refuted by D. in the Hiftorie of the Maccabees related. There you may reade his wicked life , .and
m.kt,'mAp- wretched death: Hee tookclcrufalem f Am»o t^iundt 37*81, and flew fourefcorc
fcrtd.adD.ia. thoufand people, robbd the Temple of eightecne hundred talents, and ofthe holy
e Trcin lun Veffels ; polluted the Temple ; forbade the Sacrifice ; named it ihcTemple offupiter
iiiDan. ' Oljfmpttis; forced men by tortures from their Religion ; with other execrable; out-
ly.'Dowitam of rages,which would require a iuli volume to defcribe.

Antichiift. j^s hee was thus madde and raging againft the true Religion : fo S AtheneKS

Van cT^ fliewcth his vanitiein his owne, whofe pompous folemnitic at the Daphneanfezih.

i Cati'iif. ' hee thus relateth. Antiochns , in emulation to Tauhu t^mitiiu^ proclaimed this

g iirA./,j,c.4. folemnefeftiuitie in the Cities of Greece, and performed it at Daphne. Firft pal-

fcd in order fiue thoufand men, armed after the iRoman manner : next followed

fiue thoufand Myfians, and three thoufand Cilicians, with Crownes of gold : of

Thiacians, three thoufand, of Galatians fiue thoufand, of whom fome had fliiclds

of filuer. Twentie thoufand Macedonians, and fiuethoufand with fliiclds of braflc;

after rhefe, two hundred and fortie couplesof champions which fliould fight in finglc

combate.Thcre followed 1000, Pifxan horfc-mcn,3nd 3000. ofthe Citie, the moft

whereof had Crownes and Vials of gold, other trappings offiluer : Next came the

band^called ^er/WiHothing inferiour inpompe ornuaibcr:ihcy i coo. cxtraordinarie,

and



Chap.Kj. ASIA.



Thefirjl Booke,



85



and another thoufand in the band called tAgema. Laftly, the bardcd horfes 1 5;op,aII
thefe in purple vcftiircs, which many had cmbroidred, or cmboflcd vviih gold ; Cha-
riots drawne with 6. tiorfcs, i co. and 40. drawne by foure ; one drawne by Elephants
attended with 36.othcr.The reft ot'the pon;pe is incredible and tedious : Sco.yonths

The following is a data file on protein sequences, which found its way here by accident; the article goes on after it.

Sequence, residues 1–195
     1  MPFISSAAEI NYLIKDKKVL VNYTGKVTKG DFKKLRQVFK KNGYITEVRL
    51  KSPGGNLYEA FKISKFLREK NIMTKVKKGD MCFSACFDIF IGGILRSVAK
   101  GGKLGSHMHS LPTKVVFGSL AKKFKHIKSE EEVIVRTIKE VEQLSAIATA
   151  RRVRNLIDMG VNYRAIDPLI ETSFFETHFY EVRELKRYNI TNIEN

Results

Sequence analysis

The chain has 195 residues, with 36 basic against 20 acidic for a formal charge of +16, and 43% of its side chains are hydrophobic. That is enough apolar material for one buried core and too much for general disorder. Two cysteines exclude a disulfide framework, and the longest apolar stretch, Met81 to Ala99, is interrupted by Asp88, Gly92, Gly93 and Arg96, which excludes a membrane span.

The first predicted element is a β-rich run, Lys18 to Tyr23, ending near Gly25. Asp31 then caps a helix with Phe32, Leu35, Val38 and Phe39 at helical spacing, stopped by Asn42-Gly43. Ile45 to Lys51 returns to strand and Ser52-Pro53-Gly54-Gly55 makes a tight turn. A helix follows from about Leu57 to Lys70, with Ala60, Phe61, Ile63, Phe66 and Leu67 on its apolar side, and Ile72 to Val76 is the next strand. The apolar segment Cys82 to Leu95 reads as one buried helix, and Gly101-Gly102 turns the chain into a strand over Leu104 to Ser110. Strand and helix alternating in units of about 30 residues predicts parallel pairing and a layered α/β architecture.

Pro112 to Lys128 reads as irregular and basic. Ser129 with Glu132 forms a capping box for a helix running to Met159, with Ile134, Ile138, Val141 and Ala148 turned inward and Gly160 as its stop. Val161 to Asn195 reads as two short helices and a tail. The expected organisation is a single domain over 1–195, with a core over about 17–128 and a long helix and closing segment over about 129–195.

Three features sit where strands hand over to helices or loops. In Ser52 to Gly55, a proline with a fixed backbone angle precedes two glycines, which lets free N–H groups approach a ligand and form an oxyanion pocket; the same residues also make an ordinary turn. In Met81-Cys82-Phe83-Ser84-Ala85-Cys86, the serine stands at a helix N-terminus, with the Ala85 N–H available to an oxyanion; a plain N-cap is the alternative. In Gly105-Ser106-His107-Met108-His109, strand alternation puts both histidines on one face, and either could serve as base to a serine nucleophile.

with f olden crownes : iocc.fatO;cen, and :;oc.pcrrons to attend thelacrificcs:8oo.
Elephants teeth. There were alfo the Images of all the Gods; and Heroes that can be
reckoned , fome gilded, fo.ne clothed with golden veftures, jthcir fabulous hiftories
iseing with great pompe annexed. After all thefe, the Images of Z><ry, T^ioht, Earth,
Heamn , Mornhiff,z\-\k Nooae, Then came a toco. Boycs, eachhauing a pecceof
plateofaioooo drams. -doo. with veflcls of gold : 80. women were carried in chaires
footed with "old, and 5 co. irt Others footed with filuer, very fumptuoufly atturcd;
200, ofthem out of bafons of gold rtrewcd fwect odours. Thefe fpedacles lafted ^o,
daies, A thoufand (and fomtimcs 1 200.) Halls or dining roomes, were furniHicd for ^
bankets, the Kinghimfelfe affetf^ing too officious familiaritie therein, vifiting the ta- ©
blesofthebaferpcopte,yea3ndthatasabafeMinfttellwithmufick; not of the bcft
inflruments.but fuch as the poorer fort vfed for want ofbetter,as learned Cafml/o^m
hathon thatplaceof^/6f«'e;//obferucd.SobafeistheprideofAmbition,tempering
a confufed dillemper; according (in a ftrangeharmoniej the harfhcft difcord of
proude-afpiring,anddeie6tedbafcne{r'"; where a bafcf-^nd feruile mindebegettcth
pride, and pride produceth a feruile bafenefle, a changli^g, which the doting World
fathereth on Humilitie.

Of the death of this Antiochas , the former and fecon3 books of the Machabees
feeme to difagree t and, which is more flrangc, the fecofid'booke in the firft chapter
faith, ' he and his companie were deftroicd in the Temple'ofNfan.ra in Perfia : and in f percufemm
the ninth chapter faith, that in Media, at Ecbatana , he was fmitten with an vncouth dHcem6-tos qui
difeafe, and a fall from his Chariot, whereof he died, ^omc > tbat would haue this hi- cmn ee crant,&
ftorie Canonical!, apply it to two Antiochi, as Lyra znA^^ertHs,zn6 after them Ca- d'uiferioitmm-
tiiis : but Bellarmine b feeing that they will not agree with tftt: times of any other , but tlblTampuUti's
JEpiphanes^pvoucth. himfelfe £pm^»w,and runneth ma'd with loiic of that Trent-Mi- f^y^s frokcernt
nion : affirming that in the Temple ofNanxa he fell, but cfcaped (as "■ the King of So- &c. iMnc.i^
dome is faid to fall when Lot was captiued.and yet was n'dt flaine) and after periflied, « Mel. Cams^,